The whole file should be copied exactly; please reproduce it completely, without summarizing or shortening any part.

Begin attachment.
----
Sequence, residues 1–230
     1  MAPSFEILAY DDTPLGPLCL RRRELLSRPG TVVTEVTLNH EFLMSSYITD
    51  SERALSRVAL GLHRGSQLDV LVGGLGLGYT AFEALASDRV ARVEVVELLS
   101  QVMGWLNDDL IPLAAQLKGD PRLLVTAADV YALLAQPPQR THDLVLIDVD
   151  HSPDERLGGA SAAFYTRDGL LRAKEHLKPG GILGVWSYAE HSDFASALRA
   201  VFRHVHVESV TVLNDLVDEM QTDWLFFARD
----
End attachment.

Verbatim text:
Sequence, residues 1–230
     1  MAPSFEILAY DDTPLGPLCL RRRELLSRPG TVVTEVTLNH EFLMSSYITD
    51  SERALSRVAL GLHRGSQLDV LVGGLGLGYT AFEALASDRV ARVEVVELLS
   101  QVMGWLNDDL IPLAAQLKGD PRLLVTAADV YALLAQPPQR THDLVLIDVD
   151  HSPDERLGGA SAAFYTRDGL LRAKEHLKPG GILGVWSYAE HSDFASALRA
   201  VFRHVHVESV TVLNDLVDEM QTDWLFFARD